A sufficient foundation was laid for the introduction of the photographic evidence. "The state produced circumstantial [and direct] evidence of the [appellant's] connection with the taking and retention of these photographs. These exhibits were properly admitted as they may have a tendency to show [appellant's] bent of mind toward the sexual activity with which he was charged. [Cits.] The jury may make an inference from the photographs in question as to the principal motive and intent of [appellant]. The trial court did not err in admitting into evidence the photographs in question." Wilcoxen v. State, supra at 800-801.
3. Appellant's co-defendant, Ms. Swartz, was called as a witness for the state. Although at the time of the trial Ms. Swartz had entered pleas of guilty to several of the charges for which appellant was being tried, the determination of the sentences she would receive had not yet been made. Appellant asserts on appeal that he was erroneously restricted in his cross-examination of Ms. Swartz as to her bias and self-interest.
Appellant clearly was entitled to cross-examine Ms. Swartz concerning the criminal charges pending against her.
" ' "It is especially important in a case where a witness or an accomplice may have substantial reason to cooperate with the government that a defendant be permitted to search for an agreement between the government and the witness." [Cit.] . . .' [Cit.]" Hines v. State, 249 Ga. 257
, 259-260 (290 SE2d 911
) (1982). However, " '[t]he extent of cross-examination with respect to an appropriate subject of inquiry is within the sound discretion of the trial court. It may exercise a reasonable judgment in determining when the subject is exhausted. (Cits.) . . .' [Cit.]" Hines v. State, supra.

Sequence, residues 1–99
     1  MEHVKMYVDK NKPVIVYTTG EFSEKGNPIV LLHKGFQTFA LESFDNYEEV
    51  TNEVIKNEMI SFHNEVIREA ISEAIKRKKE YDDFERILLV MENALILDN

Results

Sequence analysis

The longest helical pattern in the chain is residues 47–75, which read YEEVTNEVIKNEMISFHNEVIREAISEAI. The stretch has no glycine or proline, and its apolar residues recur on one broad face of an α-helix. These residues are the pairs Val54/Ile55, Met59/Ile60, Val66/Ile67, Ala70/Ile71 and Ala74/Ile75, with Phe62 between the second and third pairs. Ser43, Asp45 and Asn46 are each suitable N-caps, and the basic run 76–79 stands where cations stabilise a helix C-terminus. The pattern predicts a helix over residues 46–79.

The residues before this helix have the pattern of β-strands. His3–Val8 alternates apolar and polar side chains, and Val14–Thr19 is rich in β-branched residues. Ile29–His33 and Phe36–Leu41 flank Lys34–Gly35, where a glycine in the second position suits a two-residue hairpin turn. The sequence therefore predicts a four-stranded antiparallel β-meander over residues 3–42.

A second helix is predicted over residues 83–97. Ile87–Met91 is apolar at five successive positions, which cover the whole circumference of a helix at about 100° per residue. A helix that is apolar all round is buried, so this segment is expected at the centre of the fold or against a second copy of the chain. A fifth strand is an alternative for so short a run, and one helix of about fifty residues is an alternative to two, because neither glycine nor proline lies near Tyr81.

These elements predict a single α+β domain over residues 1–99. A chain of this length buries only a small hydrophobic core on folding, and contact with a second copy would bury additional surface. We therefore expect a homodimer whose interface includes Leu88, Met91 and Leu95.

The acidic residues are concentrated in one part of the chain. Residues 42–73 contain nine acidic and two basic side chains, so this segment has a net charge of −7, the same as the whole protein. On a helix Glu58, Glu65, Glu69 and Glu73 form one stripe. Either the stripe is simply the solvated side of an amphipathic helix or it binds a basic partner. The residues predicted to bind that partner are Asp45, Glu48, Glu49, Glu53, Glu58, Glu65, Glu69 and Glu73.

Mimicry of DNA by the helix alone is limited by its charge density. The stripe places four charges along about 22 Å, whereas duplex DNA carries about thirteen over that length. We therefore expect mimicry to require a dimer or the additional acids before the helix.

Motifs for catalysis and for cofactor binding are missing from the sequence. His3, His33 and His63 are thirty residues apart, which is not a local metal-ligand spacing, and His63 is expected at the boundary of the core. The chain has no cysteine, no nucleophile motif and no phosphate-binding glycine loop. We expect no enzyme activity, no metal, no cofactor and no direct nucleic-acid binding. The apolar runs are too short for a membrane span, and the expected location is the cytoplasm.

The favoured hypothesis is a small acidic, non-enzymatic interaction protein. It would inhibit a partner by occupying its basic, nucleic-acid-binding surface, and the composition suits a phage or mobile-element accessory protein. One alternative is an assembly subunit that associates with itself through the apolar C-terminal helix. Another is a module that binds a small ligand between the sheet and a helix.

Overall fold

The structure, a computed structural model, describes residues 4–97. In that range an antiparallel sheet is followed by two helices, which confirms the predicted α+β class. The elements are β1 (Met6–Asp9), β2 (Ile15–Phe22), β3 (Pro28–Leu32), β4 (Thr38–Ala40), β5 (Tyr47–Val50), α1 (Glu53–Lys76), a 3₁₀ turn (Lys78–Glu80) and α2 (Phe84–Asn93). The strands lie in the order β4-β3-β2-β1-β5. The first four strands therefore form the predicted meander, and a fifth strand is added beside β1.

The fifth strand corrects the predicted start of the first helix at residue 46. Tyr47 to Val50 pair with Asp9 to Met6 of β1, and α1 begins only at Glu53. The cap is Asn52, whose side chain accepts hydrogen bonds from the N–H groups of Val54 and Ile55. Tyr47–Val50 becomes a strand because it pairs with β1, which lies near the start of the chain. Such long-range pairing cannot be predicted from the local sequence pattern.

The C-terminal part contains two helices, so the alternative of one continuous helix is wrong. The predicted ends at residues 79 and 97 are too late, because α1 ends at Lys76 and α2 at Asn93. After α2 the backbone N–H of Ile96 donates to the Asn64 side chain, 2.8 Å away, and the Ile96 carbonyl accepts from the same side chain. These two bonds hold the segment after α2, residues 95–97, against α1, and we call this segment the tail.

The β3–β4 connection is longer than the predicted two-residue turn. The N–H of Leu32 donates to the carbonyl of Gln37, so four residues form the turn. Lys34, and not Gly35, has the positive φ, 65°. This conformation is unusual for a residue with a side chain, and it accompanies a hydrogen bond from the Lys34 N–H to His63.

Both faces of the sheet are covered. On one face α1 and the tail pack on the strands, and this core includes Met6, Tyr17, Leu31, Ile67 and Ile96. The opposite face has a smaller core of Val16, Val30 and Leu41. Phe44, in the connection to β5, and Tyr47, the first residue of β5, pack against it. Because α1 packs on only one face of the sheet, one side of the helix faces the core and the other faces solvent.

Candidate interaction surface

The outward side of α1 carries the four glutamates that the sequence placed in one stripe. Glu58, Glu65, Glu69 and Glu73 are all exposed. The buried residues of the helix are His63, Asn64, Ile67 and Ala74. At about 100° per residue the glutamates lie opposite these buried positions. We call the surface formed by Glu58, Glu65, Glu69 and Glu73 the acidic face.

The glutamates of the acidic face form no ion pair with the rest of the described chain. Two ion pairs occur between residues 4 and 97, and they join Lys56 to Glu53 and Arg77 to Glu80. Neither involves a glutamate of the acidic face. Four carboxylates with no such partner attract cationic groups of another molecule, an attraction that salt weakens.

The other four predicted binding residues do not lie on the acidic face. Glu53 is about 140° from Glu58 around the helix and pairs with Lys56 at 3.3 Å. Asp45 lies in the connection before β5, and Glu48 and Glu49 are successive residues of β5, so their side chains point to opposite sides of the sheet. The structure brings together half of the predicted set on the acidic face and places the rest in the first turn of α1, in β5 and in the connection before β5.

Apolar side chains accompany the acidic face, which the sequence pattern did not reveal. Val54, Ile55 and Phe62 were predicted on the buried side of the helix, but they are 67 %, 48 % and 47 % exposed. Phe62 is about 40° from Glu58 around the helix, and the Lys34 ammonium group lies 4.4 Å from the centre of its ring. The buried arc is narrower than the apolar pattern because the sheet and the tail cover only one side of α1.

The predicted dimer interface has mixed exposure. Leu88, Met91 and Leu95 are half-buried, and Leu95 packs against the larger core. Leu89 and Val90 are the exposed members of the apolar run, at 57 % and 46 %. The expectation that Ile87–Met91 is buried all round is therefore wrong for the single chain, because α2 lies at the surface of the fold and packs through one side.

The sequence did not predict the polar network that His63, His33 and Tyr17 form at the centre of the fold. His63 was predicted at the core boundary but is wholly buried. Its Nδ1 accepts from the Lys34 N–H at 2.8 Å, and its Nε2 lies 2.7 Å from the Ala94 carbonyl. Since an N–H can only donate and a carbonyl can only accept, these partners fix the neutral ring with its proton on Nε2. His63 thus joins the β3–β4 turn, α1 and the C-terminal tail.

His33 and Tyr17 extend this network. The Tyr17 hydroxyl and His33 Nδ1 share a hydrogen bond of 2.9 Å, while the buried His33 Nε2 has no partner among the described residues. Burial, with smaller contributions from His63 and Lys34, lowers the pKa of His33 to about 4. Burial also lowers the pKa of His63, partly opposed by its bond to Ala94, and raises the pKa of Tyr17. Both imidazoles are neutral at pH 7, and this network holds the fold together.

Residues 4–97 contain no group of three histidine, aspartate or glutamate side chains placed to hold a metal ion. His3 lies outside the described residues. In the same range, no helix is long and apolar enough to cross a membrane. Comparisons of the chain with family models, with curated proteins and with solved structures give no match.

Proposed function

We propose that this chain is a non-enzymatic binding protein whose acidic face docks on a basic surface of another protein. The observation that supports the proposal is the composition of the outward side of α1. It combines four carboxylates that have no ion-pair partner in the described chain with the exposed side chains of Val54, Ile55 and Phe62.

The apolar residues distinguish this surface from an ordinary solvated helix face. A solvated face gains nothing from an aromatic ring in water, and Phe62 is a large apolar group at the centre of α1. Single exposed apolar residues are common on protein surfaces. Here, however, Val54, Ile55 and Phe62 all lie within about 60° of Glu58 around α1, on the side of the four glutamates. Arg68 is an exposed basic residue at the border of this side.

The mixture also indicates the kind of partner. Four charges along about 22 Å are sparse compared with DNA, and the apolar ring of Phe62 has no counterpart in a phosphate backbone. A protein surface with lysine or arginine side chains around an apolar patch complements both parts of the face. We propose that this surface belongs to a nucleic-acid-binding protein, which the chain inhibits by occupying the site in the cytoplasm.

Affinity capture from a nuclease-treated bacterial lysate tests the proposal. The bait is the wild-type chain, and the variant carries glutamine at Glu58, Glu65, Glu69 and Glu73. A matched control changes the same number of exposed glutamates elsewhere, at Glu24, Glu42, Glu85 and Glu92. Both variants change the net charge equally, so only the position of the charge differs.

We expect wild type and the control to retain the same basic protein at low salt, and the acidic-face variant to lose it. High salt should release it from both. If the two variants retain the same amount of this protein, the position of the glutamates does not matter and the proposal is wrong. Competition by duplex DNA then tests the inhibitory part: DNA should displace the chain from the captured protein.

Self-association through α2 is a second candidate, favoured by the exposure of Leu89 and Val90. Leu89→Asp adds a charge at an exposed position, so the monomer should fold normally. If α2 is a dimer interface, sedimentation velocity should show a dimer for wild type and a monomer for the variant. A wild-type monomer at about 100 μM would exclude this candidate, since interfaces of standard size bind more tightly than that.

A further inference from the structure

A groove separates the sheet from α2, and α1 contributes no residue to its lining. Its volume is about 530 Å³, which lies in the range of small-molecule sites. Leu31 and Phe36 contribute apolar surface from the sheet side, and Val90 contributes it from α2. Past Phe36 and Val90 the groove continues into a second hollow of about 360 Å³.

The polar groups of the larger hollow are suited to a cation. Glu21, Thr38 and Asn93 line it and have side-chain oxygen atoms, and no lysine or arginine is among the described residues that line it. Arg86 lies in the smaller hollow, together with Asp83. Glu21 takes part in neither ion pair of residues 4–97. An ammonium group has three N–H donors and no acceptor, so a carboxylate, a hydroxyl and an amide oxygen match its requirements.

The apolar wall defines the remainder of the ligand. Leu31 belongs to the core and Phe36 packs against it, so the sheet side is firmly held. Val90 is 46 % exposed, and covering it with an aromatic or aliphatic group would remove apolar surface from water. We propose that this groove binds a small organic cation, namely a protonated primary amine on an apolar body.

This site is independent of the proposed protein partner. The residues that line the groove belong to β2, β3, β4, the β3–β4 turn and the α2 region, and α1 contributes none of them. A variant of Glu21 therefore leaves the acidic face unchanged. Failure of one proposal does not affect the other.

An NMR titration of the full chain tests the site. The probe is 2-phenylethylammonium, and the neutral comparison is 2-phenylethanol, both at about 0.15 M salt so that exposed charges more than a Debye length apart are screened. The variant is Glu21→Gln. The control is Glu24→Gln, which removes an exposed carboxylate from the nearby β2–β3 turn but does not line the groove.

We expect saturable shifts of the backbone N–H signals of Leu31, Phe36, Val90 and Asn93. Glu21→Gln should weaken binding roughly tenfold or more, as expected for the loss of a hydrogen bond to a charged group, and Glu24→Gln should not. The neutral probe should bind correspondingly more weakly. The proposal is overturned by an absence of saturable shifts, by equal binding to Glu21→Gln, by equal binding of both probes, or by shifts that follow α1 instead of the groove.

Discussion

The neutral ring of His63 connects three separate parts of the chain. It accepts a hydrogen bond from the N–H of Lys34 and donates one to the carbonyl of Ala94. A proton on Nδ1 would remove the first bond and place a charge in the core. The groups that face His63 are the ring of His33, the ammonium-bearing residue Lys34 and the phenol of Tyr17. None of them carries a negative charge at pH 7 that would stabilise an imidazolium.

4. Appellant enumerates as error the admission of his two custodial statements which were offered by the state. Appellant contends that he was not allowed to introduce the custodial statements in their entirety. See OCGA 24-3-38
The contention that appellant was "prohibited" from introducing the whole statement given on each occasion is premised solely upon the fact that his statements were not tape recorded in their entirety. Appellant does not contend that he was prohibited from introducing any portion of the statements that was taped, or from introducing evidence of any portion of his statements which may not have been taped. The evidence shows that, before appellant made a statement on tape, he discussed his participation in the crimes with the police. He was then told that his statement would be put on tape. During the taping of appellant's statement, the recorder was turned off only when appellant was repeating a subject which had already been discussed, or when a break was taken. Contrary to appellant's assertions on appeal, there is no evidence that his statement was "selectively taped."
"The rule of evidence is, that when an admission, conversation or declaration previously made by a party or a witness is pertinent, the side tendering evidence as to the same is at liberty to prove such portion only thereof as is deemed material, and the other side may then bring out the whole of the admission, conversation or declaration, so far as so doing may be essential in order to arrive at the true drift, intent and meaning of what was said on the previous occasion. [Cit.]" Smalls v. State, 105 Ga. 669 (1) (31 SE 571) (1898)
. "If [the statements introduced at trial were] not the entire conversation which took place, or did not embody the entire substance of the previous oral declarations, the State was not required to show verbatim all that transpired, but the defendant was at liberty to do so if he desired. [Cits.]" (Emphasis in original.) Parrish v. State, 88 Ga. App. 881
, 882 (1) (78 SE2d 366
) (1953). Therefore, the state was not required to tape and submit into evidence appellant's entire discussion with the police. Appellant was at liberty to prove any other essential portion he desired. No attempt was made by appellant to do so. Accordingly, the trial court did not err in admitting the custodial statements into evidence.
Robert C. Harper, for appellant.